For example, we are finalising a big residential project in La Gavina, Catalonia, a beachfront property. I had an ancient Roman mosaic, a big one, like two by two metres, and some antique pieces that I bought maybe 20 years ago. We found the perfect opportunity for them in this big traditional house we built in this area. So that’s how you have to do it. You might spend a long time sitting on some items you love, and afterwards, you just feel that’s where they should go. The project we are finishing now is a mix of antiques from old periods and a very contemporary style with a traditional core. The architecture is rather traditional, as it was not allowed to build a new development in this area. So, the whole area is rather classical and traditional. But the interior is very contemporary with a historical twist.


His designs are not merely about creating visually stunning spaces but about crafting environments that tell stories and resonate with the cultural and historical contexts of their locations


F: Got it. Just to follow up on that, you’ve been doing projects across the globe for quite some time since your firm has been established for almost 30 years. In the pre-Instagram era, as we were discussing, how did your travels inspire the work you were doing? What was the thought process like when you picked up inspiration from different parts of the world and brought that into your projects?

DV: When you travel, sometimes you fall in love with certain things, styles, and contexts, and afterwards, you try to incorporate them into the designs you do, provided the context is suitable. For example, we were in Morocco a couple of weeks ago, and I saw many nice things and very artful craftsmanship. Now, just three weeks later, we are already using them in some of our projects, commissioning different things like rugs, furniture, and art, because I just love them. It’s a very fresh experience, and you are interested in using them in the projects. So you freshen things up by adding something you have first-hand, recent experience with.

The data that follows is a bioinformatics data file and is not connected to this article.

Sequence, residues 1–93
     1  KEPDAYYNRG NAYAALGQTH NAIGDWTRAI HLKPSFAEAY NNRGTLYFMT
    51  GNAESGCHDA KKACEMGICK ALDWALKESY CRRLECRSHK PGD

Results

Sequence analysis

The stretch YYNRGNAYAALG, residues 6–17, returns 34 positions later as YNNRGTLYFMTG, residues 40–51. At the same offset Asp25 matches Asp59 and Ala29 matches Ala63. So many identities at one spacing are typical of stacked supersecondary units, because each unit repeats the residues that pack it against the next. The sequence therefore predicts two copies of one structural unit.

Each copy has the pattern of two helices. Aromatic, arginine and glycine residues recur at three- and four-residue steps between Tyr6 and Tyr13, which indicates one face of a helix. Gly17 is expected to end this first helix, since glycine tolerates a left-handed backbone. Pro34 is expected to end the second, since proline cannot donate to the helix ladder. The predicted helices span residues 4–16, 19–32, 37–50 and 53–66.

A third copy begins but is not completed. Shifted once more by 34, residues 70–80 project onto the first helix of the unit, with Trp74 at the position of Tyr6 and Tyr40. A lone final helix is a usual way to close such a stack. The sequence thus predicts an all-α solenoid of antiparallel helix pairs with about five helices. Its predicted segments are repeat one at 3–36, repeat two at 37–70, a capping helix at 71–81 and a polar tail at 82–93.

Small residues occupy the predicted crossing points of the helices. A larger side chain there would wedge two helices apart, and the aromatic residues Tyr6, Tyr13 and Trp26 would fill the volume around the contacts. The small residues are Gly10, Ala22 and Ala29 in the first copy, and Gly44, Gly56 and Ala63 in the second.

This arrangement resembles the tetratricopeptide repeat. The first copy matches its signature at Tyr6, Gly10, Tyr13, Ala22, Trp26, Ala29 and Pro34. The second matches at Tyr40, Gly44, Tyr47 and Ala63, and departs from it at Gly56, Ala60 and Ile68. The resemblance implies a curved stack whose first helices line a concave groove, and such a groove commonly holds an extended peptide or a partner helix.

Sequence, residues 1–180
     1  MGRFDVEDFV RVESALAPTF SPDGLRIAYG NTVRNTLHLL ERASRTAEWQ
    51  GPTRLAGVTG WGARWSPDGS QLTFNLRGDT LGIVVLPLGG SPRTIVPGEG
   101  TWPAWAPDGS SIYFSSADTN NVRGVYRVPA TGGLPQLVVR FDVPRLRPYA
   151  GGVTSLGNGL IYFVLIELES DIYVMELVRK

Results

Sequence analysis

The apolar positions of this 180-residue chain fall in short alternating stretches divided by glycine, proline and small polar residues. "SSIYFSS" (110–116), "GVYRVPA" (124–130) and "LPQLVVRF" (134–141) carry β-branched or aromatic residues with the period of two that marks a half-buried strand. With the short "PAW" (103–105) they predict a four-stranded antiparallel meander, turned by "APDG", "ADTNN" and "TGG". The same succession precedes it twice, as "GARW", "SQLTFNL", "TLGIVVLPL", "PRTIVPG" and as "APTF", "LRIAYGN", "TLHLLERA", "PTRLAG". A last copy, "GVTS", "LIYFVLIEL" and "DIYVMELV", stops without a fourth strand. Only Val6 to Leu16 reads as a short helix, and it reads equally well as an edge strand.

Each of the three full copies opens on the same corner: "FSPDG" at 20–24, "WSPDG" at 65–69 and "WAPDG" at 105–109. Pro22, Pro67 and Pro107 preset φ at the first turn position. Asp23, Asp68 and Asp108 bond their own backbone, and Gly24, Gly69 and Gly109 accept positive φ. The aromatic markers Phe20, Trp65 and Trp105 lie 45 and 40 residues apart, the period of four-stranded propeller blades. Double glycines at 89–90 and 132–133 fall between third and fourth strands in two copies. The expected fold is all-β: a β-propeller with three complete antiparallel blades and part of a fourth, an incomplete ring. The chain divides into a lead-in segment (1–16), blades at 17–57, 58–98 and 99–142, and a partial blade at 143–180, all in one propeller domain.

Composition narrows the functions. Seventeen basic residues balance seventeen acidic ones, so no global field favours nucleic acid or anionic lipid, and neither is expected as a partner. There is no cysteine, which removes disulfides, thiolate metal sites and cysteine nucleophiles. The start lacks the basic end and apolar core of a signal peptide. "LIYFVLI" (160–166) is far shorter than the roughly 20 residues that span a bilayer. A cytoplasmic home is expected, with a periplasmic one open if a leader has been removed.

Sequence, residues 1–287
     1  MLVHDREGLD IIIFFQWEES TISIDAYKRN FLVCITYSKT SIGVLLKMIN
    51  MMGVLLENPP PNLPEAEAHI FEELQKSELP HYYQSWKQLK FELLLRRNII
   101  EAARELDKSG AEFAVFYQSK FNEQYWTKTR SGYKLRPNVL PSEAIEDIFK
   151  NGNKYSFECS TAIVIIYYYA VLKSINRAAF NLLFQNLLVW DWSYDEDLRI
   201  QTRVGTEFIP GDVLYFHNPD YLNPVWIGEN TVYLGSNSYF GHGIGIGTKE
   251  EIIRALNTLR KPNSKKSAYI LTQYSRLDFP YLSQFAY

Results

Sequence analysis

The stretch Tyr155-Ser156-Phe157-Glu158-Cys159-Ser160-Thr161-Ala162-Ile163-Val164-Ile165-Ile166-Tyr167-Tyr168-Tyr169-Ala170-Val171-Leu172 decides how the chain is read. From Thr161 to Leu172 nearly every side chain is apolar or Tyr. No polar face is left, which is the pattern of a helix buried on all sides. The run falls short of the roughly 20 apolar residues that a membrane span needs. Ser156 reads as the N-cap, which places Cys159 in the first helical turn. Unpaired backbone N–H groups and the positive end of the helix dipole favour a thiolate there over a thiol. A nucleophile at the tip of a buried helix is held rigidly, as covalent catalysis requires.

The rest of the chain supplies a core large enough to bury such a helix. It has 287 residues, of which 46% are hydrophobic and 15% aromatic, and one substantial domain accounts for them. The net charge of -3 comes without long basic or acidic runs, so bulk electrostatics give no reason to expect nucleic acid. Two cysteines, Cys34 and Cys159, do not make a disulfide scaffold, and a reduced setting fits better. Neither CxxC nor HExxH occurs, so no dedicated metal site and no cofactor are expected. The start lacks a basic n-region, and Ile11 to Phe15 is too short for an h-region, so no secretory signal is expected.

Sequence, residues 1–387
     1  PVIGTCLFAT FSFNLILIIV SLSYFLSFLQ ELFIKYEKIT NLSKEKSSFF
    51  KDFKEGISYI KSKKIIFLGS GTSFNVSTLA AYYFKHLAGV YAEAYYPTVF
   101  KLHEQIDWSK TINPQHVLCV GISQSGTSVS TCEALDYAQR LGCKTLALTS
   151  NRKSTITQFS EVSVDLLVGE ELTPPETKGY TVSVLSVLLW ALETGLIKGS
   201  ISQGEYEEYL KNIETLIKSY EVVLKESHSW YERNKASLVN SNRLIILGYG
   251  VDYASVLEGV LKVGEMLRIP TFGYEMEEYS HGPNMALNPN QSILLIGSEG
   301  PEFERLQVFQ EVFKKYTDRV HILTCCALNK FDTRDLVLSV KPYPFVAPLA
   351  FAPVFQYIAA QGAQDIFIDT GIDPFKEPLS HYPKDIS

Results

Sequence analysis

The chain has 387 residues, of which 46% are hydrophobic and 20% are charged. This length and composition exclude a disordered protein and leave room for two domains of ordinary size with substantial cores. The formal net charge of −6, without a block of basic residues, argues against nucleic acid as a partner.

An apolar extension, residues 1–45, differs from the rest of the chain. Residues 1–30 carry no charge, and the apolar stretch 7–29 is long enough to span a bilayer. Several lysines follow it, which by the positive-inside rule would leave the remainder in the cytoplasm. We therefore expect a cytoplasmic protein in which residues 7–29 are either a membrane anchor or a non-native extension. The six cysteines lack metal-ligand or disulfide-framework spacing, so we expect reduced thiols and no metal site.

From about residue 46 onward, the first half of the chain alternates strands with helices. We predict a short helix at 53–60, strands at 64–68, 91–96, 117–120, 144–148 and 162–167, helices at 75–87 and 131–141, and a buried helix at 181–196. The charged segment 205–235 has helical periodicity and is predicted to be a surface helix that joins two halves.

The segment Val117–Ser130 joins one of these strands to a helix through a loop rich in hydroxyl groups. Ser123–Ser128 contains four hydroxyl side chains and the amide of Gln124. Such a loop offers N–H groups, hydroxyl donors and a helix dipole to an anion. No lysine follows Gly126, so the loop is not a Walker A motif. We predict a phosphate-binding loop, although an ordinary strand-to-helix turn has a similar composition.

F: Dmitry, your studio’s approach to interior design involves close collaboration between architects, designers, and clients to create a unified mission. How do you navigate this collaborative process and ensure that the final design reflects what you’ve envisioned for the space while also accommodating the preferences of the customer or client?

DV: I would say that it’s pretty easy because, by training, I’m an architect. I started with doing architectural projects, mostly luxury residential, and then moved into interior design. So basically, everything is already in one head. From the start, we had both architects and interior designers in the company working closely with each other. It’s an understanding that you slowly develop along the way when both disciplines go together. The architects and designers in the company just feel their direction and facilitate this direction in each project. That’s how it works.


Learning from industry greats like Stephen Ryan, Velikovsky quickly understood what high-end design truly means, gaining a rich understanding through hands-on experience with English and American architects